Charcoal Lane, Fitzroy

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MELBOURNE | Charcoal Lane Fitzroy is a restaurant with a difference. It’s a socially minded venture (part of Mission Australia) which provides a comprehensive training program for young people that have had difficultly finding work. They focus on helping individuals gain professional qualifications and experience so that they may find long term employment in the hospitality industry. This in itself is a compelling reason to consider dining at Charcoal Lane, but as a further incentive they are one of the few Australian restaurants that specialise in the use of native ingredients. Native ingredients are incredibly underutilised in Australia, which is a shame as there are some really unusual and complex flavour profiles that can be obtained from this produce.

We were invited to come in and try some of the dishes on the winter menu at Charcoal Lane (the food here is seasonal). If you are interested in trying native produce Charcoal Lane’s menu beautifully highlights some of these delicious flavours such as the stunning confit duck and pepperberry terrine with quandong cumberland sauce, whipped eucalyptus butter and native bread. The beautiful rich terrine is complimented by the floral and slightly acidic peach like flavour from the quandong sauce. Quandong or “wild peach” is a surprising flavour which really elevated the dish.

The use of native ingredients is not limited to spices – it also includes items such as kangaroo, emu and wallaby. I am still surprised at the amount of people who have not tried these proteins. When there are spectacular dishes such as braised kangaroo tail arancini, with a lemon tea tree and red curry sauce and noodle salad it gives you a great opportunity to try something new. This kangaroo dish was our favourite course from the evening. The description is a little misleading as they are not in fact arancini balls. Rather they are delicious, tender pieces of kanagroo tail, covered in a beautiful crisp layer of breadcrumbs and lightly fried. There is no rice to be seen in these balls like classic arancini. Nonetheless they are absolutely delicious, with an almost Thai flavour to them.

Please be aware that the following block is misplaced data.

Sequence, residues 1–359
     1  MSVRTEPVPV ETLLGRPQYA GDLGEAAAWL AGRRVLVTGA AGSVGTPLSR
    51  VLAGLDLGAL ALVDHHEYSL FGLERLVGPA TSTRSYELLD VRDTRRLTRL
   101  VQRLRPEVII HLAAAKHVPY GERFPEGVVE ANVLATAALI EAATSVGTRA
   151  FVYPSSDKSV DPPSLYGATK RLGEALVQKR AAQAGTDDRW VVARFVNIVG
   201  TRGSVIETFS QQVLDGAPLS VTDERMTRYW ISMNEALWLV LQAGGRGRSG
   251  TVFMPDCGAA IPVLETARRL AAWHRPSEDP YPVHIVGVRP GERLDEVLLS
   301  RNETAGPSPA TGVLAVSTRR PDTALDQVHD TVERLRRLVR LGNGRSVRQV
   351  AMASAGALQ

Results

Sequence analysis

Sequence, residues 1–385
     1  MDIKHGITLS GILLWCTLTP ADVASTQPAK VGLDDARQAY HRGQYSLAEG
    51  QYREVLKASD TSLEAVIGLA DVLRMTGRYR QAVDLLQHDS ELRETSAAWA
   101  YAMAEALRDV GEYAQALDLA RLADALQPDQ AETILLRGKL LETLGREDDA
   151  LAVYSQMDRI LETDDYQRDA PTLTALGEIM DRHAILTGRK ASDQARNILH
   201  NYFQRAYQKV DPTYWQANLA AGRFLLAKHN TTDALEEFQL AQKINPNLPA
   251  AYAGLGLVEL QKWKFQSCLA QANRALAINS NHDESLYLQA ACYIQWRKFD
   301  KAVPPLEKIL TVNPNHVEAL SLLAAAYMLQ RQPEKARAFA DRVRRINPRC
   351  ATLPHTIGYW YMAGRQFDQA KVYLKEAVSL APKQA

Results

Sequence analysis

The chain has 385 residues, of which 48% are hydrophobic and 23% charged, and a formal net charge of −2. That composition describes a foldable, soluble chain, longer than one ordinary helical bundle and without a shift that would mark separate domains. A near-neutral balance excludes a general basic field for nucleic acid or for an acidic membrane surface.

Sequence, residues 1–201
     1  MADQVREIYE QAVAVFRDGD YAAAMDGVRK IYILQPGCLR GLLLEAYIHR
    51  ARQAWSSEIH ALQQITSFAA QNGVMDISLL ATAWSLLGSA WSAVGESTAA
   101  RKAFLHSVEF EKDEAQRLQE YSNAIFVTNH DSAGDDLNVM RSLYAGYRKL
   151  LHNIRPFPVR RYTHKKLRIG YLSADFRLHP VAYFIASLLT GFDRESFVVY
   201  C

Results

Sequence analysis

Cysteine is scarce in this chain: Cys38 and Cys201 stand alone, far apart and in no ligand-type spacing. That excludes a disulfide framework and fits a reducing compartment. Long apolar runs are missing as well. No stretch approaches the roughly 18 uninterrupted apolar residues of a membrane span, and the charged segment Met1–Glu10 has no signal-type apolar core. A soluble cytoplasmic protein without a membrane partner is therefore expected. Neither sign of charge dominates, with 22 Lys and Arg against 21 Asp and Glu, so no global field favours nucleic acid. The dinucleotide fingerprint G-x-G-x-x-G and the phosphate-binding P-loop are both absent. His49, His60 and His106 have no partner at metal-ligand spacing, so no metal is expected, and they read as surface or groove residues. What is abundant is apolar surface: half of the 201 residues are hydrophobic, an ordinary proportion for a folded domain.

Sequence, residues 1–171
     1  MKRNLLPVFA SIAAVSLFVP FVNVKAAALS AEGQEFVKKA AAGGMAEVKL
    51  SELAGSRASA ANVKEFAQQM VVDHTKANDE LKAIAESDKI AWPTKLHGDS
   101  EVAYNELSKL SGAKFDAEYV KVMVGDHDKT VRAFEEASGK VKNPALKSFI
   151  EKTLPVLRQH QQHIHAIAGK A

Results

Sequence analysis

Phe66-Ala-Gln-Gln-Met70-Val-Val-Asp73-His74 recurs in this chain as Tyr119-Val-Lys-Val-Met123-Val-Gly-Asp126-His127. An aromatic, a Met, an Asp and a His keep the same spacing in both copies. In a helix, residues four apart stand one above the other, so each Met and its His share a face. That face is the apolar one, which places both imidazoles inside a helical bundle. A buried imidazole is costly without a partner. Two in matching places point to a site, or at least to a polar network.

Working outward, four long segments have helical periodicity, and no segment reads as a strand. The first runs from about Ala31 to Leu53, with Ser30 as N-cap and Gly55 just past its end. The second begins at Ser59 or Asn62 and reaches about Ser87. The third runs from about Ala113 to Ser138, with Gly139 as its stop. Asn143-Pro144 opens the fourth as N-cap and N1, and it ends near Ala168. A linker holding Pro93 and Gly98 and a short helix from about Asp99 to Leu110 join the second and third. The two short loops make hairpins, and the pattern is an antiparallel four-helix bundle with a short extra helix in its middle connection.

For mains I would recommend the whole baked trout with congo potato mash, karkalla, roast capsicum and lemon myrtle sauce. This dish is beautifully cooked and de-boned for convenience however if you are uncomfortable with the idea of whole fish coming out of a plate maybe try the chargrilled scotch fillet with caramelised red wine and pepperberry onions with celeriac puree.  It is basically a twist on the classic steak, onion and mash with the incorporation of native flavours. It’s a very solid and a generously sized dish. In fact everything we tried at Charcoal Lane was generously portioned.

Large portions however are not required in all cases particularly when the dish is rich. This was the case when it comes to the brenton lemon myrtle tiramisu. The lemon myrtle flavour verges onto overwhelming and the portion size is to large given the strength of the flavour. On our table there were mixed reactions about this dish however the consensus was that the wattleseed bavouris, chocolat a trois target with strawberry gum sable was the better dessert option. It provides a great combination of flavours and textually diverse.

If you are looking for something a little different, want to try native flavours or just want to eat somewhere where they are trying to make a difference I would highly recommend checking out Charcoal Lane.

Charcoal Lane

136 Gertrude Street
Fitzroy
Victoria 3065
Australia

Telephone: (03) 9418 3400
E-mail: [email protected]
Website: http://www.charcoallane.com.au/

Open
Tue – Sat: 12:00pm to 3:00pm; 6:00pm to late

Charcoal Lane Menu, Reviews, Photos, Location and Info - Zomato

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Lauren
Lauren
Lauren has travelled extensively, allowing her to experience different cultures around the world. This has fed her desire to travel and try as many cuisines as possible. Lauren's appreciation for food is grounded in the philosophy that food has a unique way of telling a story about family, friends or struggles. She believes food is a way of preserving culture and the stories of the people behind them. This has inspired her to create recipes and design events that ensure food from different cultures is accessible at home.

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